Wednesday, September 11, 2013

A Post-9/11 Essay Fragment: "'War on the Rag-Heads': Learning the Meaning of Racism..."

This is an essay I started writing shortly after 9/11, a time when I was in shock -- and as preoccupied with suddenly being branded as "the enemy" as I was with the massive tragedy that had transpired just 90 minutes away in New York City. I think I wrote this with the idea that it might be published somewhere as an Op-Ed or something, though in the end I didn't do anything with it. 

In the archives of my computer, this file is dated 9/18/2001. I returned to some similar themes a year ago, in the blog post I wrote after the shooting at the Sikh Gurdwara in Wisconsin by a right-wing extremist. 

One word that I used that today I'm not sure of is the word "backlash." It wasn't really a "backlash" that many of us experienced that fall; more of a kind of ethno-cultural realignment and displacement from a position of complacency and relative privilege. Until that fall I felt that at heart I was really an American, despite my connections to the Indian subcontinent and my visible religious difference. After that fall, I came to feel that perhaps I didn't really know anymore what "American" might mean.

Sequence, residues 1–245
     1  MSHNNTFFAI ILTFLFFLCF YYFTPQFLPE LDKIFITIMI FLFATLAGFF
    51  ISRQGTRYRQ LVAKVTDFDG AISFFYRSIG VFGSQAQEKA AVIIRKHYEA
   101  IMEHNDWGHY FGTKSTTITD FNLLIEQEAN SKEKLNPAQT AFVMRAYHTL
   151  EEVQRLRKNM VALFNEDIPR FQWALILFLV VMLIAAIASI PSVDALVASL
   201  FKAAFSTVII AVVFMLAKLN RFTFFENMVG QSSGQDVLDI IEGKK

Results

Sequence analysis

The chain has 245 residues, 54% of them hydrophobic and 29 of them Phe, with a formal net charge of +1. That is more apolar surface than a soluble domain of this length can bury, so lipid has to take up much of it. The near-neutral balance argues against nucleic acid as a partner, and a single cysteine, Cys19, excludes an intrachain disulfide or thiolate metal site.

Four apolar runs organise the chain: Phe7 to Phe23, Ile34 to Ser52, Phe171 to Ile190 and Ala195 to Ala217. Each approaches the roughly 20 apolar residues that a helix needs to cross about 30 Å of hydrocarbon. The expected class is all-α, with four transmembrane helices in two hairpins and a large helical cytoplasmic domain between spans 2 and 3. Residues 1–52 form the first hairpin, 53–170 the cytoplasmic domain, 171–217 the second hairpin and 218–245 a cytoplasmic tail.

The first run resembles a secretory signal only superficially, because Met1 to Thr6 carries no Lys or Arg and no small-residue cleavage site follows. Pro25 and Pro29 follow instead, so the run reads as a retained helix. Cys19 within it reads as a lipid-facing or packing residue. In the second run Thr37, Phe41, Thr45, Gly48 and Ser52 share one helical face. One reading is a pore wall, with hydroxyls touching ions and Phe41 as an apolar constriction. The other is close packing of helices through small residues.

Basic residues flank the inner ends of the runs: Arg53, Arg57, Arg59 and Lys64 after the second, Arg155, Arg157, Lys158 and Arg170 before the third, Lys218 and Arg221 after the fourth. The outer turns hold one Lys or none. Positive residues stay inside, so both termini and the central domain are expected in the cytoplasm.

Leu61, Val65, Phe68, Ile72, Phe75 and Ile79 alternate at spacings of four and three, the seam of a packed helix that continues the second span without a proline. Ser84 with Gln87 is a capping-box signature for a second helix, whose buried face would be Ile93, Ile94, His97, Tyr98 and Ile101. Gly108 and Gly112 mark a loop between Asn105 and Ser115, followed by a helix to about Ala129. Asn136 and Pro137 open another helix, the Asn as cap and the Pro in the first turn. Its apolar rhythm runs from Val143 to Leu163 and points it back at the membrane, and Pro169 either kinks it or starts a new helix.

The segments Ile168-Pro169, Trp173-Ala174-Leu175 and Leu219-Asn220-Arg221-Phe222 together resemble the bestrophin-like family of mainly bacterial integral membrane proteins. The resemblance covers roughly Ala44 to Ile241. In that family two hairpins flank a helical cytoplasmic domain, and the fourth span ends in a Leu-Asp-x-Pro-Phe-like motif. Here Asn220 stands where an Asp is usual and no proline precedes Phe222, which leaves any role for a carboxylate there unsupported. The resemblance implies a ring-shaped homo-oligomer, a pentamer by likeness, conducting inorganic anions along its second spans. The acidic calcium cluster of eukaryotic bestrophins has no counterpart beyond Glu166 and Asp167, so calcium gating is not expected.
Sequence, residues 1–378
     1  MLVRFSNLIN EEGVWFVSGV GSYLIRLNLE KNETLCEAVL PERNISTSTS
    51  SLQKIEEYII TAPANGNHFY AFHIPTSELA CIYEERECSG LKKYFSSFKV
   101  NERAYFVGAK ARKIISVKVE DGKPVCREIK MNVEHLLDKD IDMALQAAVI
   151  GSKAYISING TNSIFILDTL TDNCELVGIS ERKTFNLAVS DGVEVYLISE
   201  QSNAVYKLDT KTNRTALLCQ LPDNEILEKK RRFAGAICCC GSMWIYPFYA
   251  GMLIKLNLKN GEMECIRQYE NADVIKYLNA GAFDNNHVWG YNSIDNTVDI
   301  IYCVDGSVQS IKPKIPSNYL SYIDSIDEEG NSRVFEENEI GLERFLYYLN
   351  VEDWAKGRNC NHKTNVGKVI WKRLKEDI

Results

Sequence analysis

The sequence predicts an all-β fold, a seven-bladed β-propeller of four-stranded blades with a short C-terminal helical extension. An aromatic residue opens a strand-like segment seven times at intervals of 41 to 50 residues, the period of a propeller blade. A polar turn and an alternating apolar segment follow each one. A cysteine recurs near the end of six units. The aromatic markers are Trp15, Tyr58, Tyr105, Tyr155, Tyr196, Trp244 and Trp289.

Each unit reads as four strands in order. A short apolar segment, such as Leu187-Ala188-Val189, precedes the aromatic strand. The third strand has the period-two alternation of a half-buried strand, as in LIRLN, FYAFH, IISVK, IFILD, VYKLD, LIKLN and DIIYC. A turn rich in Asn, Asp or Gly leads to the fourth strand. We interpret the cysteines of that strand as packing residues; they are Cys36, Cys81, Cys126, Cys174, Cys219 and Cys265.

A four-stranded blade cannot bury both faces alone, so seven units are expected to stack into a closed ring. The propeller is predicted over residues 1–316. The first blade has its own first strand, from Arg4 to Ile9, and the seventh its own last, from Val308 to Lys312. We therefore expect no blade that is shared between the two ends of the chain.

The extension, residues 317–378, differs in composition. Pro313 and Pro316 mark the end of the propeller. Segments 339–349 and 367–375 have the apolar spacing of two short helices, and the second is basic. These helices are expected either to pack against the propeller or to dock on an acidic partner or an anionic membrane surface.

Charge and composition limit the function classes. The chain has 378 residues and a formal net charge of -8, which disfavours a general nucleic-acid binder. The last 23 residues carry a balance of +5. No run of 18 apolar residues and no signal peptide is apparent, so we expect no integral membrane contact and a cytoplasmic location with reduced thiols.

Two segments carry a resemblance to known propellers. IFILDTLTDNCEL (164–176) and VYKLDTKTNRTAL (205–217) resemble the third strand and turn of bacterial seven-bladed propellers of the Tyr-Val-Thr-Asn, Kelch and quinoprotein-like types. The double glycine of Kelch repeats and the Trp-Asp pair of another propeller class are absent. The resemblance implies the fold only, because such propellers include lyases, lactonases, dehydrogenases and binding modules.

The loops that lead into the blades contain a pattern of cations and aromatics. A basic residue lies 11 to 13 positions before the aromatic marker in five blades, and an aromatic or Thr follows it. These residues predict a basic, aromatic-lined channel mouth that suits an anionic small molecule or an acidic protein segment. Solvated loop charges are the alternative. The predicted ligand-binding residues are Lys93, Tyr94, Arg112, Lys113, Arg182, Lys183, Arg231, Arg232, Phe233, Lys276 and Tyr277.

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“War on the Rag-Heads”:
Learning the Meaning of Racism in the Midst of a Backlash
9/18/2001



Many in the Sikh community in the U.S. are amazed at the kind of hostility they have been encountering in the wake of last week’s world trade center attacks. Some of the attacks have been extreme – one Sikh man in Arizona, for instance, has been killed by a “patriot,” while many others have been assaulted, verbally and physically, around the country. Mosques Gurdwaras and Mandirs have been vandalized, firebombed, even rammed, in one instance, by a mad motorist. Whether or not we have been harassed in such a manner, nearly everyone who looks different (even vaguely Arab) has felt the glare of a newly virulent hostility. Sikhs in particular are gawked at openly on the streets where we have lived for years, as if we just appeared there yesterday; kids torture us in schools, where we are present inevitably as micro-minorities of one or two individuals in masses of thousands; on the highways we are confronted by a juggernaut of obscene gestures; and we are skewered on American talk-radio by callers and even, at times, by the hosts of the shows. As a particularly egregious example of the latter, Howard Stern has suggested that America “declare war on the rag-heads.”